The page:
Critical Evaluation

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As the novel’s full original title suggests, the heroine of Moll Flanders is perhaps the world’s best-known female picaro. Ever since it was first published in 1722, Moll Flanders has entertained the reading public with its lusty, energetic tale of a seventeenth century adventurer and manipulator. The book is so convincingly written and contains such a wealth of intimate detail that many readers have assumed the story is true biography. Daniel Defoe himself rather coyly suggested as much, perhaps because he feared such a scandalous story could not be published or would not be popular if it was known to be a work of the imagination.

In this as in his other great novels, such as Robinson Crusoe (1719) and A Journal of the Plague Year (1722), Defoe achieves his realistic effect by incorporating a wealth of authentic detail. Having been a pamphleteer and journalist much of his life, Defoe knew well how concrete facts and specific examples build plausibility. He has Moll relate her remarkable story simply, thoroughly, and with candor. She is literal-minded and bothers little with description or metaphor. (In his preface, Defoe claims to have cleaned up the language and omitted some of the more “vicious part of her life”; thus Moll’s sexual adventures are related in curious, sometimes amusing circumlocutions.) Moll sticks mainly to the stark realities of her life except for passages in which she moralizes about her misdeeds.

Despite the verisimilitude, however, the novel has a problem of tone that frequently puzzles modern readers and has stirred a lively controversy among critics. The question may be stated thus: Is the story full of conscious irony, or is it told in utter sincerity? If the former is the case, most scholars agree that Moll Flanders is a masterwork of social commentary and of fictional art. If the latter, there are lapses in the author’s moral scheme.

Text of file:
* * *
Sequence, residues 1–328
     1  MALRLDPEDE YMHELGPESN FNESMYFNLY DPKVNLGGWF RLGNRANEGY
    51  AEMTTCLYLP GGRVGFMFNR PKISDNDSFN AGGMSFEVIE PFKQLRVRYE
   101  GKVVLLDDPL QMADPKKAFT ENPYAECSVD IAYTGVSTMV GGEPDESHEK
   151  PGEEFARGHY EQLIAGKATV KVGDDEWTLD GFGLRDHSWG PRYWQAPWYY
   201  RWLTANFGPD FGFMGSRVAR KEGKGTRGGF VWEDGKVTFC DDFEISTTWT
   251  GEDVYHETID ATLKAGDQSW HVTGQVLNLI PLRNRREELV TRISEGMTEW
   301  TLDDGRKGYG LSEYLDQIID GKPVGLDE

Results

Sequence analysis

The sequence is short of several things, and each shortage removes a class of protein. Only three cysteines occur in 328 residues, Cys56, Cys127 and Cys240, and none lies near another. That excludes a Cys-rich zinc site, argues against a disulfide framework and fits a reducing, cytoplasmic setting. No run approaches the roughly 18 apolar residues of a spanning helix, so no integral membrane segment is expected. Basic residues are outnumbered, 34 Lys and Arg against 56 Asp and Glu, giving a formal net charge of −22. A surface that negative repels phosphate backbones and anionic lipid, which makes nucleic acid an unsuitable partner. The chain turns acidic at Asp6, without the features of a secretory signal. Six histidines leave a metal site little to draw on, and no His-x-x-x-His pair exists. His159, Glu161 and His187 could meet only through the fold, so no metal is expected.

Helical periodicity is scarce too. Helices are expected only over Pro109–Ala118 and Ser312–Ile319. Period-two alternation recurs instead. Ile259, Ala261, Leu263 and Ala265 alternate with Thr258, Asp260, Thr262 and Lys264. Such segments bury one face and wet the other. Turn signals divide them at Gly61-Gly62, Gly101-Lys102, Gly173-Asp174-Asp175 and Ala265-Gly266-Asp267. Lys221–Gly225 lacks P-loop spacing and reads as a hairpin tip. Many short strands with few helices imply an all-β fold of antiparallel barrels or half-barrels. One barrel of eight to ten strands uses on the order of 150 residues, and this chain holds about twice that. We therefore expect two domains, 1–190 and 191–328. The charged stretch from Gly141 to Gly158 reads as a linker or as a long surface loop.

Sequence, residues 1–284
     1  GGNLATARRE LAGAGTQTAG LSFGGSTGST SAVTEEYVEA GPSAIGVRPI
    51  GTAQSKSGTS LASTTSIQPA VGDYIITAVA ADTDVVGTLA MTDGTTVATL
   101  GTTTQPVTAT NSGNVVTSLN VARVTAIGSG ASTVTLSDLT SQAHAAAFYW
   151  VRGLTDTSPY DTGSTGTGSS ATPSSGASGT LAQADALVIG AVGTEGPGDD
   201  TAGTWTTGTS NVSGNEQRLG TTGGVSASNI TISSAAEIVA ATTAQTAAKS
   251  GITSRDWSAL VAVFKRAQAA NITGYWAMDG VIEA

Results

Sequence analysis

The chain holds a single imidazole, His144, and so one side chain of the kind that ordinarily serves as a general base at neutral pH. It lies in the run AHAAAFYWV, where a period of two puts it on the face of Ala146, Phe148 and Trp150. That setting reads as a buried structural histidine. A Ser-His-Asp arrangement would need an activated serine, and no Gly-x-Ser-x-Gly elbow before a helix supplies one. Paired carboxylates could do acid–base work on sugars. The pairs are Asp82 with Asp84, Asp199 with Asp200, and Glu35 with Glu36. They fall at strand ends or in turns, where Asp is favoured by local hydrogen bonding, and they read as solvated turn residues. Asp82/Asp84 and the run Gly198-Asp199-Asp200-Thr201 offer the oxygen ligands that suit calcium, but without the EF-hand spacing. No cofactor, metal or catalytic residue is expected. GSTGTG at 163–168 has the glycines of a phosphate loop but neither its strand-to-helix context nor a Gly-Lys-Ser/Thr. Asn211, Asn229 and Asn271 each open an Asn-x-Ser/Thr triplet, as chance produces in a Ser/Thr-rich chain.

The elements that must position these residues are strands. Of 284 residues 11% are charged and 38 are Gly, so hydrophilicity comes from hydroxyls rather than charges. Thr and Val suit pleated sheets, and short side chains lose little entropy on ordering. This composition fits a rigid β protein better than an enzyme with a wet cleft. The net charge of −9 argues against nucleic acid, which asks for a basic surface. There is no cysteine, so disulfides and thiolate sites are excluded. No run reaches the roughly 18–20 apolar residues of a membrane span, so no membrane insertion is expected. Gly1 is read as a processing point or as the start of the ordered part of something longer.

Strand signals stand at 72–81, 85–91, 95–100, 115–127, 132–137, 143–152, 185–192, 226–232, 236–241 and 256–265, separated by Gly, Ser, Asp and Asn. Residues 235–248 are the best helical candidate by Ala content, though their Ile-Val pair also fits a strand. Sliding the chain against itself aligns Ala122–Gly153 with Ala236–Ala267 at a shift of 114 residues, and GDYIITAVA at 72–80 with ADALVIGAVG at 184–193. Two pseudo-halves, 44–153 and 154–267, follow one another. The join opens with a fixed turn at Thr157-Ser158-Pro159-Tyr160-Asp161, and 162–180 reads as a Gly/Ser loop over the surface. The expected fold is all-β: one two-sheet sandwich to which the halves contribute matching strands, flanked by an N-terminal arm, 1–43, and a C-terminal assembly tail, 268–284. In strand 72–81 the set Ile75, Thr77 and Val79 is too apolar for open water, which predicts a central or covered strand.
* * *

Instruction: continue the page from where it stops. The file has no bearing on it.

The problem centers more on Moll’s attitude than on her actions. Given her situation—that of a woman of no status but with large ambitions—her behavior is entirely plausible. In her childhood, Moll is dependent for her survival on the whims and kindnesses of strangers. By the time she is eight years old, she is already determined to be a “gentlewoman”—an ambition very nearly impossible for a woman to fulfill in seventeenth century England when she has neither family nor, more important, money. Moll is quick to recognize the value of money in assuring not only one’s physical security but also one’s place in the world—and she aims for a comfortable place. Money thus becomes her goal and eventually her god. To attain it, she uses whatever means are at hand; as a beautiful woman, she finds sex the handiest means available. When, after a number of marriages and other less legitimate alliances, sex is no longer a salable commodity, she turns to thieving and rapidly becomes a master of the trade.

Readers know from other of Defoe’s writings that the author sympathized with the plight of women in his society; education and most trades (except the oldest profession) were closed to them. For the most part, a woman was entirely dependent for her welfare on her husband or other men in her life. As a hardheaded pragmatist who finds herself in straitened circumstances, Moll is much akin to Becky Sharp of William Makepeace Thackeray’s Vanity Fair (1847-1848, serial; 1848, book) and Scarlett O’Hara of Margaret Mitchell’s Gone with the Wind (1936); all three use their ingenuity to survive in a hostile world, and although readers do not entirely condone their behavior, they can understand it.

After Moll has...

(This entire section contains 1266 words.)